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Sonny Rollins played in the influential Clifford Brown—Max Roach Quintet from late 1955 until mid-1957, when Brown and Bud Powell’s brother, pianist Richie Powell tragically perished in an automobile accident. About halfway through his tenure with the band, Rollins took the group into the studio under his direction for a recital that produced two jazz standards, "Valse Hot" and "Pent-Up House." Sonny Rollins Plus 4 was recorded in a single session March 22, 1956 at Rudy Van Gelder’s Hackensack studio.
Fantasy, Inc. has chosen this classic for remastering and re-release. It could not have happened to a better recording. The digital remastering has brightened and sharpened this recording as it has all of the remaster re-releases by the label. The aural picture of Max Roach is tightened up considerably and pianist Richie Powell is drawn out of the murk. Of course Newk and Brownie are highly polished here. "Valse Hot" is kicked up several more degrees as "Kiss and Run" and the astonishing "Pent-up House."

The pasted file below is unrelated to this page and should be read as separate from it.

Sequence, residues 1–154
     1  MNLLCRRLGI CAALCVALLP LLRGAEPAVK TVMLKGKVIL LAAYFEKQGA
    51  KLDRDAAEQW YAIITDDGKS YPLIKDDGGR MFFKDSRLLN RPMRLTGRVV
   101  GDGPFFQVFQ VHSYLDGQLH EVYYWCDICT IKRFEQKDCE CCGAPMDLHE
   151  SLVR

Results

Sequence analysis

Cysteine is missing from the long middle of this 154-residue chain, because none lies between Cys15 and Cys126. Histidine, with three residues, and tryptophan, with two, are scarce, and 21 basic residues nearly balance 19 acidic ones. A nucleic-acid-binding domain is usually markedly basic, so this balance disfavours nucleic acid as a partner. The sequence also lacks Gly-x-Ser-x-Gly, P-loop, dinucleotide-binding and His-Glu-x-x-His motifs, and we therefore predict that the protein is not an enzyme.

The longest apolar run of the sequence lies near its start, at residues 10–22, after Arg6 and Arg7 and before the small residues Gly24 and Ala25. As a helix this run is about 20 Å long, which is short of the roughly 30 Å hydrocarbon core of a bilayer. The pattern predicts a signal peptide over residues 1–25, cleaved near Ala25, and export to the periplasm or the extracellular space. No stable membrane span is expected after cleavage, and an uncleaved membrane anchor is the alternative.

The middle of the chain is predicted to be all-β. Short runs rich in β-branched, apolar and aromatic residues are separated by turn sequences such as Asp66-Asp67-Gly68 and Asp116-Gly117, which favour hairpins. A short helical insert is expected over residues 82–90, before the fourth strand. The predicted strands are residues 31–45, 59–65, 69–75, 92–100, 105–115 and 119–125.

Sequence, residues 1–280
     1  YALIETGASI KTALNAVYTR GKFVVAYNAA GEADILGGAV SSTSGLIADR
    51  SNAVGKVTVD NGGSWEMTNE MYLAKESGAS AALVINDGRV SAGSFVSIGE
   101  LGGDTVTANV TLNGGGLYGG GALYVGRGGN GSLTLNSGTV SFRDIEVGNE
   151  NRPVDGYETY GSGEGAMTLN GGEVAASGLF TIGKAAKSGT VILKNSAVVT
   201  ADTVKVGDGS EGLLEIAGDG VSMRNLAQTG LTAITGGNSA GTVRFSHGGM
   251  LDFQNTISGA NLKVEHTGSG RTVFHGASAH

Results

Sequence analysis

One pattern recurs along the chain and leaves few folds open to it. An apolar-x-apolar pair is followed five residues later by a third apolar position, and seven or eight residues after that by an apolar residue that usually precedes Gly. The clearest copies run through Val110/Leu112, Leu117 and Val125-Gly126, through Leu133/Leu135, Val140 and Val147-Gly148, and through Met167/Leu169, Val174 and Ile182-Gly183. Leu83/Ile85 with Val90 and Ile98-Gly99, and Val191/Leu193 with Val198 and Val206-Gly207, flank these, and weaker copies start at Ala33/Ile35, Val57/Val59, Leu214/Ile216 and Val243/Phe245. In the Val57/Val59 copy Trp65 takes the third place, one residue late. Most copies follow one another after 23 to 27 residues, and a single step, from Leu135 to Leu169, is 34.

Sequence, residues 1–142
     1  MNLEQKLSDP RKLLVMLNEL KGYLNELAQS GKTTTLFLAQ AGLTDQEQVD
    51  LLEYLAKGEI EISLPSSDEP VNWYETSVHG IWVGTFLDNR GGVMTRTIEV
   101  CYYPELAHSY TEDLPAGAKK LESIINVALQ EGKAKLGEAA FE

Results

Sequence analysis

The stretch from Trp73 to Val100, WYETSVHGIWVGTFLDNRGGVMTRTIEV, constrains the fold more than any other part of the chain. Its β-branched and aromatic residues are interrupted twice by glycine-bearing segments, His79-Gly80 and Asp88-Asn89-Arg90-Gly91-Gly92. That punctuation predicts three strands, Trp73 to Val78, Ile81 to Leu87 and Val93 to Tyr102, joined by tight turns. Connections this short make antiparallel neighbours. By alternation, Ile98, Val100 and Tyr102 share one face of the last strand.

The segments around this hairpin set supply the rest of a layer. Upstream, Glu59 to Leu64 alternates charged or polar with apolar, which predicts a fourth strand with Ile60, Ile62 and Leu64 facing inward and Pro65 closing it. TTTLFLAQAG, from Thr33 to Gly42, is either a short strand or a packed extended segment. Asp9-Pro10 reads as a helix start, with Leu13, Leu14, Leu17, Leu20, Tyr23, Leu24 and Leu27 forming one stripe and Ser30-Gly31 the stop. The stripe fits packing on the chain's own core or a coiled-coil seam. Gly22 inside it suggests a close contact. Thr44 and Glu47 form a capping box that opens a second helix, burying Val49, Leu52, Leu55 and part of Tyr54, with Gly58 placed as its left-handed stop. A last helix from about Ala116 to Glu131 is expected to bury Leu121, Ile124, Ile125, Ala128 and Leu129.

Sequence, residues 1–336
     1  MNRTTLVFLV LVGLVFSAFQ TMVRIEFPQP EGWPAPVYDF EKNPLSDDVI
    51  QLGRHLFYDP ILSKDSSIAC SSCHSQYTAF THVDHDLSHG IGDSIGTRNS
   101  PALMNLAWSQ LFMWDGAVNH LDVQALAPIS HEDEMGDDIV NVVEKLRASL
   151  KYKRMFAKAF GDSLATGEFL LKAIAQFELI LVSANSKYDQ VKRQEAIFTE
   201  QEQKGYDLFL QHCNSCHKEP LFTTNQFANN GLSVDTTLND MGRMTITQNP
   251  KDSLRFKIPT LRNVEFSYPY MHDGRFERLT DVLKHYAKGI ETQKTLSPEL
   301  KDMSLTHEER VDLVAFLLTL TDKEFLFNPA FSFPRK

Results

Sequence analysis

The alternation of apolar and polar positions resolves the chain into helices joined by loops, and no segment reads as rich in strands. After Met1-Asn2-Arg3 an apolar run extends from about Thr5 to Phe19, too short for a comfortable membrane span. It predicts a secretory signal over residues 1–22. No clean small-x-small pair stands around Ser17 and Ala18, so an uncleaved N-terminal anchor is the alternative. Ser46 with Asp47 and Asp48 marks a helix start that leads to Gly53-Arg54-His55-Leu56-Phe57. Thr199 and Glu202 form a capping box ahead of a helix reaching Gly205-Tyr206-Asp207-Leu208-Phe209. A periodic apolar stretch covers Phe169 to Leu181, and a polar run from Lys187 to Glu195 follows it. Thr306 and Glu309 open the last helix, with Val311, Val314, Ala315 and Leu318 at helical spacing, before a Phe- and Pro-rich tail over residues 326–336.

This is music of biblical import in understanding how jazz became what it is. The Clifford Brown—Max Roach Quintet existed as a short lived quasar, providing spring boards for two great talents in Roach and Rollins and epitaphs for two others, Brown and Powell. A rare and affordable treat that should be imbibed deeply.
Track Listing: Valse Hot; Kiss and run; I Feel a Song Comin
I love jazz because anything is possible; it has few rules and the best jazz breaks those ones. I prefer free improv because it doesn't really have any rules at all.
I was first exposed to jazz in my teens (in the late sixties).
The first jazz record I bought was Filles de Kilimanjaro by Miles Davis, shortly followed by Extrapolation by John McLaughlin.
My advice to new listeners is to listen as widely as possible and not to make snap judgments--stick with it.